Last year, we wrote about a district court decision disqualifying an attorney from serving as relator in a False Claims Act (“FCA”) action that he initiated against his client’s adversary in pending litigation (see here and here). The attorney and would-be-relator, Donald Holmes, was retained by an insurance company, Munich Re, in connection with arbitration against Northrop Grumman, who had submitted claims for damage to its shipyards allegedly resulting from Hurricane Katrina. Holmes, on behalf of the insurance company, filed a complaint in federal court to obtain certain documents from the Navy allegedly relevant to the arbitration. He eventually obtained the documents subject to a protective order that forbade their disclosure outside of the arbitration. However, Holmes promptly filed an FCA complaint against Northrop, alleging Northrop improperly used government funds allocated to compensate for Hurricane Katrina damage to instead cover cost overruns that occurred before the storm, based on the documents obtained from the Navy —in clear violation of the protective order.
Posted by Douglas Axel and Wesley Montalvo
A long running case dealing with the ability of government employees to receive compensation for serving as whistleblowers appears to be heading back to the D.C. Circuit Court of Appeals.
In 1997, the Project on Government Oversight (“POGO”) brought a False Claims Act lawsuit against several oil companies, alleging that they had understated the value of oil extracted from Federal and Native American lands, and had thus underpaid the associated royalties. POGO had consulted with Richard A. Berman, a government economist, on issues related to the lawsuit, and asked him to join as a relator. Although Berman declined to join the lawsuit, POGO nevertheless gave him $383,600 of its $1.2 million share of the qui tam settlement as a “Public Service Award.”
The government filed a civil action against POGO and Berman in 2003, alleging that POGO’s payment to Berman was an illegal supplement to his government salary under 18 U.S.C. § 209, which forbids anyone other than the government from paying a government employee “as compensation for” the employee’s government work, and prohibits government employees from receiving such payments. The government prevailed in the district court twice, and twice the judgment was reversed in the Court of Appeals. In the first appeal, after summary judgment was granted for the government, the court held a genuine issue of fact existed as to whether POGO’s payment to Berman was made “as compensation for his services as an . . . employee of the executive branch.” United States v. Project on Gov’t Oversight, 454 F.3d 306, 313 (D.C. Cir. 2006). In the second appeal, after a jury verdict for the government, the court held that the jury instructions failed to require the government to show that the parties to the transaction intended that the payment be for official government work, which is also an element of a § 209 violation. United States v. Project on Gov’t Oversight, 616 F.3d 544, 557 (D.C. Cir. 2010).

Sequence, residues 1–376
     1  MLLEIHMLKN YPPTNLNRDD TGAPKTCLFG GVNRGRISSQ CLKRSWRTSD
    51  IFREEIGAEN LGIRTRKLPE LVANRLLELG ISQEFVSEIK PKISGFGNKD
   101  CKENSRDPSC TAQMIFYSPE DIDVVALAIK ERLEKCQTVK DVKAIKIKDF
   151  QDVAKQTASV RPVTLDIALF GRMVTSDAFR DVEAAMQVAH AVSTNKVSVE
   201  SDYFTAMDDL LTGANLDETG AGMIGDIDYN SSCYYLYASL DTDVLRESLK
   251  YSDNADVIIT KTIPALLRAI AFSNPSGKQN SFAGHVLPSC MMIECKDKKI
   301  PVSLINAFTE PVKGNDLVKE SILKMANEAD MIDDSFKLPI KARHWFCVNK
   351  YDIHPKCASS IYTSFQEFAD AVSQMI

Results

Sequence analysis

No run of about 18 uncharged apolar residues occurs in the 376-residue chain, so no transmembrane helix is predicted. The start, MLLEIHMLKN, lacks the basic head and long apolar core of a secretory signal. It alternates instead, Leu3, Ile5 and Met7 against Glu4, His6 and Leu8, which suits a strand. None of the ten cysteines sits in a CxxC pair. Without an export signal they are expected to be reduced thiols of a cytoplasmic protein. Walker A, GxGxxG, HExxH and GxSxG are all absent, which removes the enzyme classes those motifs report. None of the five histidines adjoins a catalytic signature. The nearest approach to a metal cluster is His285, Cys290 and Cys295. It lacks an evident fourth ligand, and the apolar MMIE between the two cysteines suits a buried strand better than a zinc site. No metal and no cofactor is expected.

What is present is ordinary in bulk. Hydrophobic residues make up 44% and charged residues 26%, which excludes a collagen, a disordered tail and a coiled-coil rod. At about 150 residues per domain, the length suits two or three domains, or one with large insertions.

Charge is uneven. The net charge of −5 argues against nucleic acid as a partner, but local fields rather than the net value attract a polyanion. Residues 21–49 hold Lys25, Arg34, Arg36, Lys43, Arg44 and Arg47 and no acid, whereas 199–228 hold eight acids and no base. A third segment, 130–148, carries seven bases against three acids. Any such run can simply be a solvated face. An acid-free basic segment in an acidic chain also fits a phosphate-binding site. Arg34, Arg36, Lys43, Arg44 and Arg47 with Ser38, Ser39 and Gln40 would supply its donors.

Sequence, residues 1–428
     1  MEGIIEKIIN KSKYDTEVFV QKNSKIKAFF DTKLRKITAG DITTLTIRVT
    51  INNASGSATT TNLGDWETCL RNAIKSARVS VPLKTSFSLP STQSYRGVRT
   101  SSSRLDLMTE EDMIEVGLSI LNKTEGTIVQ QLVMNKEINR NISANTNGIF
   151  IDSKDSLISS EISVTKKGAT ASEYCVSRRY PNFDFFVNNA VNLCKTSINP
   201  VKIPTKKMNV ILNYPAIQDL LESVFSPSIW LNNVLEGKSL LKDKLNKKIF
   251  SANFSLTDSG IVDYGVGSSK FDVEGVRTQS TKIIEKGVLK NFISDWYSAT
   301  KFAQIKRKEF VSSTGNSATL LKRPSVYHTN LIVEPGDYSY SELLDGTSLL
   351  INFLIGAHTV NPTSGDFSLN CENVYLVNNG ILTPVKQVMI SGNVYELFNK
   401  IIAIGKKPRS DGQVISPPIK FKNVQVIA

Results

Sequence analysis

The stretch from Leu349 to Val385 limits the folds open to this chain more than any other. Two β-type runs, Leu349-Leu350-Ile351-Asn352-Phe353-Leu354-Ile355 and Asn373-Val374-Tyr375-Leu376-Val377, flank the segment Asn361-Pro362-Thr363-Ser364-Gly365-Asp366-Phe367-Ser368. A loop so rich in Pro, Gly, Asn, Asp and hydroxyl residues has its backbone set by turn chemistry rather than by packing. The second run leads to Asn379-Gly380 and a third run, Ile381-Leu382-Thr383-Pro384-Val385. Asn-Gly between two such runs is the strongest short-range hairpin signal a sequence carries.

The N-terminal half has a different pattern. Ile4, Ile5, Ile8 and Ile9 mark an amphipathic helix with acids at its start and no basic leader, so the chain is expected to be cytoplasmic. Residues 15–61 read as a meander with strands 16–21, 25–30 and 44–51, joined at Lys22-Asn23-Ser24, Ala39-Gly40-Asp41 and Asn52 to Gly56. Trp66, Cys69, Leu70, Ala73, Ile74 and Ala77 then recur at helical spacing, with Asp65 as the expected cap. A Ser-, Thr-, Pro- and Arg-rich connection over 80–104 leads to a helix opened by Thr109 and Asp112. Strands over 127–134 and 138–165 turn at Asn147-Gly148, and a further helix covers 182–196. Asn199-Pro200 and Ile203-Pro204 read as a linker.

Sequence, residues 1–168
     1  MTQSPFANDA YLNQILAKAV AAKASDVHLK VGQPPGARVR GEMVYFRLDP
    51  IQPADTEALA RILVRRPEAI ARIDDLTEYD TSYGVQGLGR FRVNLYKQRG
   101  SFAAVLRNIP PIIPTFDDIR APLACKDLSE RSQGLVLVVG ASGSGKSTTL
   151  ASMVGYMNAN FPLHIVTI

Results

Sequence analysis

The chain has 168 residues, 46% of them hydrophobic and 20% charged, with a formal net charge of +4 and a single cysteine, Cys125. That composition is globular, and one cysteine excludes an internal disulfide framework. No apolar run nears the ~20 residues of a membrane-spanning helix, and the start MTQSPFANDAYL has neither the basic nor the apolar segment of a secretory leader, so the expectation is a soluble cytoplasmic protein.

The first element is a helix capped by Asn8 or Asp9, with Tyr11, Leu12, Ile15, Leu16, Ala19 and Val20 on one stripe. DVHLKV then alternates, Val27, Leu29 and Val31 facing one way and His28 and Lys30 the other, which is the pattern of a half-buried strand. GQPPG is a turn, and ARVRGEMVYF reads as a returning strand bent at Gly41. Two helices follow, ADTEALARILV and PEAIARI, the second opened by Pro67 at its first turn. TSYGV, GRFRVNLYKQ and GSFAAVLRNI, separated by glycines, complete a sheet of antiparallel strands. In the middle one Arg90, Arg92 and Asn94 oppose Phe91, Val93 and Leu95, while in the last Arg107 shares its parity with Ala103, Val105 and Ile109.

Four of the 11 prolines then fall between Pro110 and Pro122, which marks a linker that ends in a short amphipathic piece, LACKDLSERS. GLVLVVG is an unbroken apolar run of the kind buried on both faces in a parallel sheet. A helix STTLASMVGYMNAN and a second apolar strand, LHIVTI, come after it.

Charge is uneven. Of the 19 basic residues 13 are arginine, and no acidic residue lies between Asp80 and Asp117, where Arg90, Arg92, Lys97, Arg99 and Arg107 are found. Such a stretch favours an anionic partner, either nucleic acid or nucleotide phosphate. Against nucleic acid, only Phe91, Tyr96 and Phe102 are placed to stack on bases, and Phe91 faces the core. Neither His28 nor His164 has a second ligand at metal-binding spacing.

On remand, Berman moved for summary judgment, arguing among other things that the POGO money was compensation for whistleblowing, which Berman argued cannot, as a matter of law, be part of an employee’s duties. The district court disagreed, holding that “‘whistleblowing’ in the broad sense that Berman uses it often is part of an employee’s job.” Because “Berman was assigned to analyze policy issues—potentially including fraudulent behavior by regulated entities—that were relevant to the mission of the Department of the Interior,” the court reasoned that his job duties “could have included whistleblowing, and a payment for whistleblowing could thus have been compensation for his government services.” United States v. Project on Gov’t Oversight, 839 F. Supp. 2d 330, 341 (D.D.C. 2012).
The government moved for summary judgment on a breach of fiduciary count, which the court granted, finding that Berman had accepted an interest in the qui tam litigation while performing government work that could have affected POGO lawsuits, without disclosing such interest to his government employer. Rejecting Berman’s defense that he could not have breached his duty to the United States because its interests were aligned with POGO, the court reaffirmed that the interests of qui tam relators are different from the government because they “are motivated primarily by the prospect of monetary rewards rather than the public good.” Id. at 353.
After the case proceeded to a mistrial last month, the government dropped its suit against POGO. Berman has indicated his intent to appeal the grant of summary judgment on the government’s breach of fiduciary duty claim, so it appears that the litigation is not quite finished.
Although not directly involving a government whistleblower seeking an award as qui tam relator, the POGO litigation provides an interesting parallel to those cases disqualifying as a relator, under the public disclosure bar, a government employee whose job responsibilities included the reporting of government fraud. E.g. United States ex rel. Fine v. Chevron, U.S.A., Inc., 72 F.3d 740 (9th Cir. 1995).